"Lone Survivor" is a brutal, graphic, combat movie. It depicts US Navy SEALs fighting against Taliban in Afghanistan in 2007. It is based on Marcus Luttrell's book of the same title. There is very little plot. The movie opens with scenes of Navy SEALs undergoing rigorous training. Trainees are shown lying down under oncoming ocean waves, being dunked in water so that they cannot breathe, doing pushups, etc.
After this brief segment, the film sets up each SEAL team member. They are shown to be lovable guys who have families back home whom they cherish and who cherish them. One SEAL wants to buy his fiancée an Arabian horse. Another is concerned about his wife's redecorating in a color called "honeydew." Given Marcus Luttrell's fame and the title of the movie, most people will know how this movie ends. That knowledge gives these scenes that much more poignancy, but also a sense of the director manipulating the audience. We know what's coming, and we know why the director included these scenes.
The SEALs are assigned to assassinate Taliban commander Ahmad Shah. They are shown with all their gear, penetrating a steep mountain covered with pines and strewn with boulders. They see their target, and are ready to carry out their mission. They are discovered by three Afghan goat herders. They consider killing the goat herders, but Luttrell advises against it. If they kill the goat herders, they will be condemned on CNN as bestial Americans who assassinate Afghan civilians. Immediately after the soldiers release the goat herders, the goat herders inform the Taliban of their location. They Taliban quickly surround, outnumber, and begin firing on the four SEALs.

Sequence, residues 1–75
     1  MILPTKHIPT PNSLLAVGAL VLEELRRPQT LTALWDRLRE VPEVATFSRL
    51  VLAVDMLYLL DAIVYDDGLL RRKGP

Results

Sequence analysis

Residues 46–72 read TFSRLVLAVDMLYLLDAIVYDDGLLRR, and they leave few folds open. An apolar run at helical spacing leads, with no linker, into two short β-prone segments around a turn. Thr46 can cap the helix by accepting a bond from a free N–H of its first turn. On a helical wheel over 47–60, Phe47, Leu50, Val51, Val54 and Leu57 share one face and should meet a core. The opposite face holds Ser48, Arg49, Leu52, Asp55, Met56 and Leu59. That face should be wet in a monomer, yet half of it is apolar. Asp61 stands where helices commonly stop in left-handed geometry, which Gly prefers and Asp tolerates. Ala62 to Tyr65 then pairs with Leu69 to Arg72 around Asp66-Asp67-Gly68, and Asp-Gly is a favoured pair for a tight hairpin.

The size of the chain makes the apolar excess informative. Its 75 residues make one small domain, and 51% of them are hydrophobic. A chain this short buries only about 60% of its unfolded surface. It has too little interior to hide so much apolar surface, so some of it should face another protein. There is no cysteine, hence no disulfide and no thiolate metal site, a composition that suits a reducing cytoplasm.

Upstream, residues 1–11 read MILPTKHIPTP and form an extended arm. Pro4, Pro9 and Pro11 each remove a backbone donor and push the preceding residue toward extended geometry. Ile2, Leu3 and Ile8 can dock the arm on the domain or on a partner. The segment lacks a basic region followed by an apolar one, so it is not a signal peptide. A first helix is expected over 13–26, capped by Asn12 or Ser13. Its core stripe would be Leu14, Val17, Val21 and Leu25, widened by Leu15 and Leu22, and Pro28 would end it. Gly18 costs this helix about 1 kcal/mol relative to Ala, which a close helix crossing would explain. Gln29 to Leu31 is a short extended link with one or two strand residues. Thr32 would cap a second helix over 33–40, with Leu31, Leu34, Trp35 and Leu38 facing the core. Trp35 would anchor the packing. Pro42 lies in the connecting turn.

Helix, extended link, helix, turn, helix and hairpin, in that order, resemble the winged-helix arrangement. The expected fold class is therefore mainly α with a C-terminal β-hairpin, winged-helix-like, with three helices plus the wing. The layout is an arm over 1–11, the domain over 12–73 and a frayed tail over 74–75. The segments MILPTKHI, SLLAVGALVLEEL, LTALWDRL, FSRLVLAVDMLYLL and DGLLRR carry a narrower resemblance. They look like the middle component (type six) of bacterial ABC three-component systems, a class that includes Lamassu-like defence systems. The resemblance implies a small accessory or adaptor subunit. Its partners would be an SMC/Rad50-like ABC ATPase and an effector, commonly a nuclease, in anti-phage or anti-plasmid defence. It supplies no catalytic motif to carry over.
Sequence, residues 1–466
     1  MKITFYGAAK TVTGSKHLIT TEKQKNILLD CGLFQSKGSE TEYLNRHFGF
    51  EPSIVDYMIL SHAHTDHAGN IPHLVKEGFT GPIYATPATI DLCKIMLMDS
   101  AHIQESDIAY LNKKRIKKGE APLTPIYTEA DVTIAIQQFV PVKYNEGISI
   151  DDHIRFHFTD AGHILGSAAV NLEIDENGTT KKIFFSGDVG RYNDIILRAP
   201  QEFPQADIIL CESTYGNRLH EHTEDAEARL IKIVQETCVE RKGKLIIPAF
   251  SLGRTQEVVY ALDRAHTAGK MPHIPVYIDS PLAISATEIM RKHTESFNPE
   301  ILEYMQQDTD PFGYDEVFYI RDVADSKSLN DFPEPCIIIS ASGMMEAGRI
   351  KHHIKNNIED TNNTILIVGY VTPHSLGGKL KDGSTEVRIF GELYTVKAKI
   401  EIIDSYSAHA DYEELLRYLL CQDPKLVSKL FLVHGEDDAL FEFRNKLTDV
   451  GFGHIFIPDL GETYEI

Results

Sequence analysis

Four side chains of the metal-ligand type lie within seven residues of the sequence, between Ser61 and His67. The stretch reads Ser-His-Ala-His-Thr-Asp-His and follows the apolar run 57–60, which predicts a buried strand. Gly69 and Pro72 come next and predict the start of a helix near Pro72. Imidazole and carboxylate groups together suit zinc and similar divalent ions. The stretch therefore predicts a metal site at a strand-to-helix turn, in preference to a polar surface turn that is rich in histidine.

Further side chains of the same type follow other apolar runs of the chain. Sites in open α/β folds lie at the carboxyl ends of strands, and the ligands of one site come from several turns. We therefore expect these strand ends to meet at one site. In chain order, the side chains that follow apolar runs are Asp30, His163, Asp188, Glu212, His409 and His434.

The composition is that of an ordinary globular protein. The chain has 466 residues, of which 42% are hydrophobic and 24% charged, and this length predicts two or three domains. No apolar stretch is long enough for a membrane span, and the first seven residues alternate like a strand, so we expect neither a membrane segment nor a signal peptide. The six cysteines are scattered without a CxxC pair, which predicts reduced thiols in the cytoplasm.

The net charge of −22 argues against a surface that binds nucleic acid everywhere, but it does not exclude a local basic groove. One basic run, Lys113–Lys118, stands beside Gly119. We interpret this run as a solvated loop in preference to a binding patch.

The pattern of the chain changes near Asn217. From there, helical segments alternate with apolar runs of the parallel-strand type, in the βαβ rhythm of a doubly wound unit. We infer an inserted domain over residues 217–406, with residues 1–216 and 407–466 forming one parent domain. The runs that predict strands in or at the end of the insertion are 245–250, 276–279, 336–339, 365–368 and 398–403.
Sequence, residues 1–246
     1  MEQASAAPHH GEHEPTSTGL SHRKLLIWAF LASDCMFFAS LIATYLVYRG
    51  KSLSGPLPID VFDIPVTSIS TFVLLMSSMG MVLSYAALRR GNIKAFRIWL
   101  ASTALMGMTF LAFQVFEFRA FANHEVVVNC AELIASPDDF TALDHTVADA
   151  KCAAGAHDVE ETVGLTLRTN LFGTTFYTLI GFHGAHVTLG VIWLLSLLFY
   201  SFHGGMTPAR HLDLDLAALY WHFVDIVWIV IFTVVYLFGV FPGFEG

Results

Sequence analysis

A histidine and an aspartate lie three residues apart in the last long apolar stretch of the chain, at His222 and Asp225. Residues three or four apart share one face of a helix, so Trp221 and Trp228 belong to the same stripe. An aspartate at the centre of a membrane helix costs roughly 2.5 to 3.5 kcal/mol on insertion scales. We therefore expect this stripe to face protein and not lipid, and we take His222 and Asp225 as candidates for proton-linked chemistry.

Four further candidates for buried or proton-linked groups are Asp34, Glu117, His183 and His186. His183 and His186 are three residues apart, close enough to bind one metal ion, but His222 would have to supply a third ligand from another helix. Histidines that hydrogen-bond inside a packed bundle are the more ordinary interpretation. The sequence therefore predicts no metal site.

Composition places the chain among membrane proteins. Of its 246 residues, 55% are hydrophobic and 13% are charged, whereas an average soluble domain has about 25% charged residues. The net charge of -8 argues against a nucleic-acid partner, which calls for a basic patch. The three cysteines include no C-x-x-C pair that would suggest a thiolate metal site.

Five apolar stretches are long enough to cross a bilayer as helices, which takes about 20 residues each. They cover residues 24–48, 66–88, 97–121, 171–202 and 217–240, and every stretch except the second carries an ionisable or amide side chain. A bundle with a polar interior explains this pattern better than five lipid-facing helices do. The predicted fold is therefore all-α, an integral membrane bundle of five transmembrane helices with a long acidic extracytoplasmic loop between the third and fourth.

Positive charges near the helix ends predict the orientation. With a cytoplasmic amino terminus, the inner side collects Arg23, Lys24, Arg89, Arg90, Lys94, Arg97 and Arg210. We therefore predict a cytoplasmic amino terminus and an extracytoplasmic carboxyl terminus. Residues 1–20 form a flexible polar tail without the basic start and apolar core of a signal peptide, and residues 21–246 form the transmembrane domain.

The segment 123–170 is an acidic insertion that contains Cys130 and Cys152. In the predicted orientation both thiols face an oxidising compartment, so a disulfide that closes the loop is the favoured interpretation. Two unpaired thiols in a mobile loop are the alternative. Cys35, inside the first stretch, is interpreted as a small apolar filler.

The firefight is depicted in graphic, brutal, realistic images. A SEAL is shown aiming his weapon, firing, and a Taliban's turbaned head explodes into a squirting fountain of red liquid. Bullets penetrate flesh and blood and gore ooze out. This gunfight is lengthy and tense. I have to ask how it will affect viewers. Will viewers want to get a gun and make someone's head explode? Yes, our media is saturated with violence. Is that a good thing? Have we given up even asking this question?
The film never addresses the larger questions at play, and by not addressing them, they become all the louder. What are we doing in Afghanistan? How do we win in Afghanistan? Are we wasting the lives of fine, patriotic Americans and other allied men and women in uniform? Not to mention the polio workers, doctors and other aid workers the Taliban murders in Afghanistan?
How about the rules of engagement? If we are at war in Afghanistan, then why aren't we acting as if we are at war? Should the goat herders not have been immediately killed, thus possibly saving many soldiers' lives and leading to a successful mission – the death or capture of Ahmad Shah? If soldiers are forced to conduct a war while wearing kid gloves, how can they be expected to win? What if we had imposed these rules of engagement on our soldiers during WW II? Would they have been able to win that war? Would the swastika not still be flying in Europe as we engaged in endless talks with our "partners for peace"?
Again, none of this is discussed in the film, making the discussion all the louder inside the viewer's head. In fact there was some controversy when CNN's Jake Tapper asked Marcus Luttrell about the "Senseless" deaths depicted in the film. Marcus Luttrell asserted that no, the deaths depicted in the film were not senseless. Americans are asking this, though. What are we doing in Afghanistan?